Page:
By comparison to my life now that previous life seems glittery and glamorous, although that would be a stretch of the imagination by any means. There are days when I could look back to those times with longing. But I don’t. There are days when I could blink my eyes and wish to go back in time. But I don’t.
My husband once showed the DVD of me competing in the Olympics to a group of friends and a friend turned to me and said, “Is that just the hardest thing you have ever done?” Without missing a beat I said, “No, being a parent is.” But I can tell you from experience that I would rather dance for 10 minutes in an old pair of maternity pants any day with my kids than dance all night in a pair of red leather pants.
I have always been a person who has preferred to ease into the water rather than hold my breath and jump. When I was a kid I would always convince my little sister to go in first and test the waters before I would tentatively dip my toes in. That being said, I have been known to take a few risks in my time.
As I got older and especially after I had kids I started to take risks less and less. Until it got to the point where I wasn’t even bothering to ease into the water anymore. I was just sitting back on the shore watching everyone else.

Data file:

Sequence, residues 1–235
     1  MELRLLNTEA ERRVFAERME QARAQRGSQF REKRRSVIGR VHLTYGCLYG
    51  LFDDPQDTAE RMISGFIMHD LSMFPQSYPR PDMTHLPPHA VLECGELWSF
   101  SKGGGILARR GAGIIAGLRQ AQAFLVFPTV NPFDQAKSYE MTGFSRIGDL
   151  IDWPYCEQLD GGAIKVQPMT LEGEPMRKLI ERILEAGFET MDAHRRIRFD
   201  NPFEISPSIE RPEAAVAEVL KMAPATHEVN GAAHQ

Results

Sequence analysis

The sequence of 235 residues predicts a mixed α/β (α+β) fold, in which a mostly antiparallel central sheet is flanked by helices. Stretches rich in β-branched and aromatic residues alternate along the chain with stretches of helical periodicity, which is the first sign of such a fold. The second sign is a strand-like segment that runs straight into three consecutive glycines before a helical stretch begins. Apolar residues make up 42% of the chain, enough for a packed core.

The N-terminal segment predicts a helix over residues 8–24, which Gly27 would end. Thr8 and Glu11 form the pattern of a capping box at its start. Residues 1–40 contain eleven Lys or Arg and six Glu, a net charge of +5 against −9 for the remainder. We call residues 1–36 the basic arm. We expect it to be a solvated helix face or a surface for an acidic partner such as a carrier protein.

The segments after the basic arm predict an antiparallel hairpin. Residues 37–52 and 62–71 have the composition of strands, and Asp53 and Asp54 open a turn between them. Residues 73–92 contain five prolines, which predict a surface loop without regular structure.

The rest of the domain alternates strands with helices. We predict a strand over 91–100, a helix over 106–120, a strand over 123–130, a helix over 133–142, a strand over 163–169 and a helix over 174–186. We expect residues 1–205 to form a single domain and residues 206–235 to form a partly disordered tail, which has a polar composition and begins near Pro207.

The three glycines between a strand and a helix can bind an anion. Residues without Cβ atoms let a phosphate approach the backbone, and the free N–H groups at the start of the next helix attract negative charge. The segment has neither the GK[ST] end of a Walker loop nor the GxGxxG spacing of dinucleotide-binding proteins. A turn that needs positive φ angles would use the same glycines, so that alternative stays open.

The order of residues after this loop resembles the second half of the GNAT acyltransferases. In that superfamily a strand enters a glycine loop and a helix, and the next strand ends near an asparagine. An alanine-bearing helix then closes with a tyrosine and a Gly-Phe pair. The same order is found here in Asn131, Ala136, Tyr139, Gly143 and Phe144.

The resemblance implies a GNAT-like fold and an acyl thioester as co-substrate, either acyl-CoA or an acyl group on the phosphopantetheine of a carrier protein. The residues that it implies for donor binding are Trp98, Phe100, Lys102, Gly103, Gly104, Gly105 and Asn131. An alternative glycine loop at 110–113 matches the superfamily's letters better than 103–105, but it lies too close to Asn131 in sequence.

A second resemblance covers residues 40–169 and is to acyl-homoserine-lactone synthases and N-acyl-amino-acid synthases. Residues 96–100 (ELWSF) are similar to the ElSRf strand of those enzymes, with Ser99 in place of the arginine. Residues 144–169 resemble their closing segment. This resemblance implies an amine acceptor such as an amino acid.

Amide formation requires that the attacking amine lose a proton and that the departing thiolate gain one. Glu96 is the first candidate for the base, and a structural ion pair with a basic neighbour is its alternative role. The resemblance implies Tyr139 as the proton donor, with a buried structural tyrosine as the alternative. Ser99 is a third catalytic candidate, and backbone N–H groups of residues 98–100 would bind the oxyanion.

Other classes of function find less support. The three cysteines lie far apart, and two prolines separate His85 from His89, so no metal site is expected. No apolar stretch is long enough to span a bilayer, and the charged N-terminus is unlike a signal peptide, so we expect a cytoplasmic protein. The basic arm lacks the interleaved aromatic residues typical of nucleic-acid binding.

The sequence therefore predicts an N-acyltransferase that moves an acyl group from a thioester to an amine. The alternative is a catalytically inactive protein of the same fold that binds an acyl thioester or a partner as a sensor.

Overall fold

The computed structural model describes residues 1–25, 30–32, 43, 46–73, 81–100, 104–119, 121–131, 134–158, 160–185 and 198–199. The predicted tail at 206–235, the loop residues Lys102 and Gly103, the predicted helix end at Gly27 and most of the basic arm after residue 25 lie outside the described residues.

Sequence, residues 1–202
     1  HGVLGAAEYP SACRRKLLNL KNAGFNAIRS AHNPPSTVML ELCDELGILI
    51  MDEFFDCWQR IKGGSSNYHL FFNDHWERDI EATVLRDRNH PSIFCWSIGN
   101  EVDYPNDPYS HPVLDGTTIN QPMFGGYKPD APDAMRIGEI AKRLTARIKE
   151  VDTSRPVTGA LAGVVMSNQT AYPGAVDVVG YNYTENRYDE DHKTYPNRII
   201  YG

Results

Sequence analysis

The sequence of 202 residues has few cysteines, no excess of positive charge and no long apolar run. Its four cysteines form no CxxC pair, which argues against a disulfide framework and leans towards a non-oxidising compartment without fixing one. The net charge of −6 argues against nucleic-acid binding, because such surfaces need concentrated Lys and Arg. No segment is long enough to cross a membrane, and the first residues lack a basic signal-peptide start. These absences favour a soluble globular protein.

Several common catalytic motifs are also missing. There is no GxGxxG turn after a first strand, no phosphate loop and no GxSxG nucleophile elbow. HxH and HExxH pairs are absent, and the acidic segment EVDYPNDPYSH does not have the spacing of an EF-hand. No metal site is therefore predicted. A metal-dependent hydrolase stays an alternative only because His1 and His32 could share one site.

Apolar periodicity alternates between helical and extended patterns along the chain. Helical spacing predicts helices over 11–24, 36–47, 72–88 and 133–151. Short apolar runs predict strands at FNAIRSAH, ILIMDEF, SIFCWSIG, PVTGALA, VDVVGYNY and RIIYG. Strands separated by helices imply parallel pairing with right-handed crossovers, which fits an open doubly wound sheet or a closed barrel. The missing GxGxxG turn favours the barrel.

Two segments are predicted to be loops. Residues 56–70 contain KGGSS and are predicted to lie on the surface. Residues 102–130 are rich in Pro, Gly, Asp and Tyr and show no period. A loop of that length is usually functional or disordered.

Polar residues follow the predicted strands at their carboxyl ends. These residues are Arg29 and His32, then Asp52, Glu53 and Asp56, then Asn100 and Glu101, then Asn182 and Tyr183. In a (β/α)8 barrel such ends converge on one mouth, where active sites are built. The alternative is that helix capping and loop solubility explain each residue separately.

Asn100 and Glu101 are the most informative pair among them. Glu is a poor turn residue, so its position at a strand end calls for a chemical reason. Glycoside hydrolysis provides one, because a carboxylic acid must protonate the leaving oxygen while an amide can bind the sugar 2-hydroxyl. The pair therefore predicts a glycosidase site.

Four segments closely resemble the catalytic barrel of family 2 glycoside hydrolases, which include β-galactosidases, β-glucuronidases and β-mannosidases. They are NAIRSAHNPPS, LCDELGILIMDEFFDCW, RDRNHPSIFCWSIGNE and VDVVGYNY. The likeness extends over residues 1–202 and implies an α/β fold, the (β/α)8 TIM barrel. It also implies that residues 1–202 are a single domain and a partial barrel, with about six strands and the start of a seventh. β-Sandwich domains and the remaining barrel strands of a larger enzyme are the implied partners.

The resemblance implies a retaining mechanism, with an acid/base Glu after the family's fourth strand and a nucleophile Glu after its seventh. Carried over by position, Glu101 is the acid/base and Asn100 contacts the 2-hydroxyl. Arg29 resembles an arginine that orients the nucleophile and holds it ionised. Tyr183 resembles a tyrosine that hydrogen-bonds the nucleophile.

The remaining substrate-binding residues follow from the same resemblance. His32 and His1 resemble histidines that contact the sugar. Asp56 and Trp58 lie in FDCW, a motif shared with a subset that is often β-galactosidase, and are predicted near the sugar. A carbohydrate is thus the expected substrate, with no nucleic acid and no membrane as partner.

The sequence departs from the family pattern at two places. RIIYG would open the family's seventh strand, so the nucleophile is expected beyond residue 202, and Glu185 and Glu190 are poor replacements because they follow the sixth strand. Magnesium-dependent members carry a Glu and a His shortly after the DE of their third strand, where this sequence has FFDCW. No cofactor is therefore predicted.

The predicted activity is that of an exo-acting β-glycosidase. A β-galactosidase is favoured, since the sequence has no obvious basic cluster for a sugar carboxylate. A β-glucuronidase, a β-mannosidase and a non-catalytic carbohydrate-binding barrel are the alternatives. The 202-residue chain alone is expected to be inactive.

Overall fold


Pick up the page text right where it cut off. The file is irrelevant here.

Parenthood is an incredibly rugged and scenic journey. It is not for the faint of heart. There are so many joyous moments and so many…. Not so joyous moments. It is a constant up and down. I have spent my time as a fledgling parent focused on memories of my children, their milestones and their stages of development. All those little things I treasure and don’t want to forget as they grow and get older. What is easy to forget is that parenthood is also a stage in my development and that I took a big risk in becoming a parent. I imagine the day when I will look over baby books with my grown children and I will tell them about their first tooth and their first words. But wouldn’t it be wonderful if I could also tell them “This is what it was like for me to become your mom. It was a time of learning and growth for me too.”
The idea to start writing about my experience as a parent came to me quite a while ago. But it was hard to take the time out of my chaotic schedule to find an outlet for the stories I had floating around in my head. Then actually letting these stories out into the world was a really big leap, one I was not entirely sure I could take.
So this idea sprouted in my mind and its potential grew. I wrote when I had the time while babies napped or slept in the next room and I collected my thoughts. Every couple of months I would shimmy out and put my toes over edge. I would look down at the water, dizzyingly far below. Then I would shuffle back away with a sinking feeling in my stomach.
So here I am, once again, standing on that familiar ledge trying to decide whether or not to jump. I guess sometimes you just have to close your eyes, hold your breath and take that leap.